I admit, immunoassay has been around forever. It’s not new, and it’s not exciting, but it’s the workhorse of laboratory diagnostics, widely used in reference test labs and hospitals. But still, it has a bad reputation, being notorious for tediousness and user errors. The reason behind this? Multiple washing and incubation steps. But imagine if single-step immunoassay was no longer just a dream! We in the Bioelectronics group have demonstrated that immunoassay can be reduced to a single step without losing its diagnostic power. The trick? Our patented electronic pH modulation technology.
Electronic pH modulation as a secret weapon
The Bioelectronics group at Bosch Research has developed a method to control biochemical processes through electronics. Basically, we manipulate the pH of a biological solution through electrochemical reactions with high speed and precision (on the scale of a few microns).
We demonstrated highly reproducible acidification and alkalinization of the buffer solution across the dynamic range of our pH sensor (pH 4.5 to 7.5). Using dynamic current control, we generated and sustained 3 distinct pH microenvironments simultaneously for several minutes in a single solution, and we demonstrated spatially-resolved, pH-driven control over biochemical reactions. See our publication for more detail.
In a sense, we’re just taking a tool from nature’s arsenal, because many biochemical processes in live organisms are controlled though pH changes: Think, for example, of enzymes having their own narrow optimal pH windows, or of cell energy cycles.
But as it was part of the method, I started to facilitate retrospectives after each and every sprint. The first retrospectives were mainly about organizational issues, as the team still had to set itself up. I actually wondered what we would talk about after two or three retrospectives. But as time passed, the team (and, I have to admit, also I myself…) learned that these retrospectives were a place where their concerns, their issues and their needs were heard. They bravely opened up and shared what they needed to deliver maximum performance.
We applied our on-demand pH modulation technology to dramatically simplify and automate the “finicky” immunoassays. Immunoassays rely on specific antibodies to bind a target biomarker, and on a detection system (usually optics) to quantify it. As a proof of principle, we measured C-reactive protein, or CRP, a common biomarker of inflammation. Elevated levels of CRP in blood can be caused by a variety of different diseases, from infection and cardiovascular problems to cancer. Using electronics and a pH-sensitive fluorophore, we accurately measured the levels of CRP at concentrations way below the clinically relevant cutoff, and we did it in a single step.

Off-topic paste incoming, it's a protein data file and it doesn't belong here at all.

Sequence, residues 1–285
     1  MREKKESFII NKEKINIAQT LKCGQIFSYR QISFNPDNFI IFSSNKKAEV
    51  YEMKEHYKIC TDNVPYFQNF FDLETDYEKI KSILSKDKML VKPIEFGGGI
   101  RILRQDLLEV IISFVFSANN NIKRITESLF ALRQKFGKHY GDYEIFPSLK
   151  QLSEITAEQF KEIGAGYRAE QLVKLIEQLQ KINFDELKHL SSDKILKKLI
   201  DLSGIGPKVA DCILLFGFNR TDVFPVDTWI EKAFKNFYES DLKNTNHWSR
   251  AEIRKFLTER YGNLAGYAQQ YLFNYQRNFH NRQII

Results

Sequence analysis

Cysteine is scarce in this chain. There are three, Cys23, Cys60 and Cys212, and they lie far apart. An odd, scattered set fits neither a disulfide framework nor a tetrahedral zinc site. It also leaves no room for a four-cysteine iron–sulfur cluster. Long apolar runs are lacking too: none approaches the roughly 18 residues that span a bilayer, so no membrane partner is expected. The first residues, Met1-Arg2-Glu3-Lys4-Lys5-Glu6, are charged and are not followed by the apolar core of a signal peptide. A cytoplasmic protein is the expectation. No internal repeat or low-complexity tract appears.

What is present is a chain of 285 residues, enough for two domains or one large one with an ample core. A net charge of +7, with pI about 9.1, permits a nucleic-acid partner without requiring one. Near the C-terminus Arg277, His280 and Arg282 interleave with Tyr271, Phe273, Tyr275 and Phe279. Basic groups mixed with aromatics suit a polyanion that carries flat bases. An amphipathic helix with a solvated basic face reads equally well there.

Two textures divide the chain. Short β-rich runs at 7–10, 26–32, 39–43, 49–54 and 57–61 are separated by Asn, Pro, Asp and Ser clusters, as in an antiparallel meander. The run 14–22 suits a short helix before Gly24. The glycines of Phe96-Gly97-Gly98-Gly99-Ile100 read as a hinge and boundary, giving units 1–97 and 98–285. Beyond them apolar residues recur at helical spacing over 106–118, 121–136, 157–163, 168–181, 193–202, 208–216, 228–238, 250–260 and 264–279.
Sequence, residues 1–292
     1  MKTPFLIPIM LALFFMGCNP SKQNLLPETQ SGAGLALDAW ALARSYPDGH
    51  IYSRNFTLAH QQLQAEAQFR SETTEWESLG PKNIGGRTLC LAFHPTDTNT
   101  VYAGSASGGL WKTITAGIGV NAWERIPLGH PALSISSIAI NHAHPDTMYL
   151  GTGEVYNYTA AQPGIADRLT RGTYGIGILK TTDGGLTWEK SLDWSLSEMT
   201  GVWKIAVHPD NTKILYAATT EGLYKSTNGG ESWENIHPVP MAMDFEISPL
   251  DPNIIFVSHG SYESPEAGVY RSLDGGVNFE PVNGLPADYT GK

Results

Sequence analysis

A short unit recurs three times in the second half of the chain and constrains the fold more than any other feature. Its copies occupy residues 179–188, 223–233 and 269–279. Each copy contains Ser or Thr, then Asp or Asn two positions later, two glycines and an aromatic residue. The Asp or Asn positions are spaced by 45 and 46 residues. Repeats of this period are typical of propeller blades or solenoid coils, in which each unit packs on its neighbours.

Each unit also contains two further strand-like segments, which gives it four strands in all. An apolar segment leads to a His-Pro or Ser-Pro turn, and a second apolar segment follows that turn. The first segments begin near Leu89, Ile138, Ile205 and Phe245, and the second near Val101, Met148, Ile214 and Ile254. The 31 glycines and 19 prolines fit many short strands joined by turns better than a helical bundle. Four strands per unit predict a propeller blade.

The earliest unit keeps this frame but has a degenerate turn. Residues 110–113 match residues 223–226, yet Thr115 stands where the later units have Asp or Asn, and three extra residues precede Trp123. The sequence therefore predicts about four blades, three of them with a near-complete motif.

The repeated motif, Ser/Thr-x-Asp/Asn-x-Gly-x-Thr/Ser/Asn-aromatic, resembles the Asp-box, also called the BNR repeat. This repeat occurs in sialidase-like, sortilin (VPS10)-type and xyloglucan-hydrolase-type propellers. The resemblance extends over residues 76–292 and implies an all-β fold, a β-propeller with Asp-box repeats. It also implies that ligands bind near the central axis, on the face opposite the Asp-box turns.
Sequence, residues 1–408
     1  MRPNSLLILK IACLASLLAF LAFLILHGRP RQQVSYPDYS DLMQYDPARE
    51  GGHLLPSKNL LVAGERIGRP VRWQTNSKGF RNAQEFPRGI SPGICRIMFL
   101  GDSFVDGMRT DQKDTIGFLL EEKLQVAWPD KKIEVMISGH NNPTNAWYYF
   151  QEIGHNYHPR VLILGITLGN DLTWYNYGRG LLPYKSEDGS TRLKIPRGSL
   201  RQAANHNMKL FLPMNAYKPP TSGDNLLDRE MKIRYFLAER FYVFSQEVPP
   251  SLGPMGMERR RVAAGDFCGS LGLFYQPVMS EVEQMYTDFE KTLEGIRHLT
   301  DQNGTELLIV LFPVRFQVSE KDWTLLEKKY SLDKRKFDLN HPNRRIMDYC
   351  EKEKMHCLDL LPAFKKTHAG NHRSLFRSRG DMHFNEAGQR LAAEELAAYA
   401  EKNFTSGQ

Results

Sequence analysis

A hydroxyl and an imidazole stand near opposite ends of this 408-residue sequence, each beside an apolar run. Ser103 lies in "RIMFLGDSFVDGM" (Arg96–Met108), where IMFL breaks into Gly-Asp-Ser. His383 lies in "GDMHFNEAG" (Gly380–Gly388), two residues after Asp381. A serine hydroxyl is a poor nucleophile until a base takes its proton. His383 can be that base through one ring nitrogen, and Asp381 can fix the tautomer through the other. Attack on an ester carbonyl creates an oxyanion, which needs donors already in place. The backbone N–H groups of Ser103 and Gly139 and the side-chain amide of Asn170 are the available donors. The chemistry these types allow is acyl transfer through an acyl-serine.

Through pH, we “switch on” and measure the assay signal only a few microns above the electrode surface, and the non-specific signal from the bulk solution above it remains “switched off”. Therefore, there is no need to wash it away. Elimination of washing steps does not compromise the assay’s sensitivity. In fact, we measured a higher signal in pH-assisted single-step assay compared to the traditional, multi-step scheme.
Controlling biochemical microenvironments with high spatial and temporal precision opens up a plethora of new possibilities for scientists and engineers working towards miniaturization and automation in healthcare and diagnostics. Besides the obvious benefits of better reproducibility and shorter assay time, electronic pH modulation offers additional advantages of creating optimal test conditions on-demand, easy multiplexing, and improved specificity. Combine that with chip-micro technologies, and the possibilities are endless!
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Author: Nadezda Fomina
Nadezda is a synthetic polymer chemist with a background in developing “smart” materials for drug delivery. Currently, she is a Lead Scientist at Bosch Research. Her team develops new technologies for next-generation medical diagnostics, especially for point-of-care applications. Their vision is to revolutionize healthcare by combining state-of-the-art engineering solutions in MEMS sensors, circuit design, and wireless communication with biochemistry.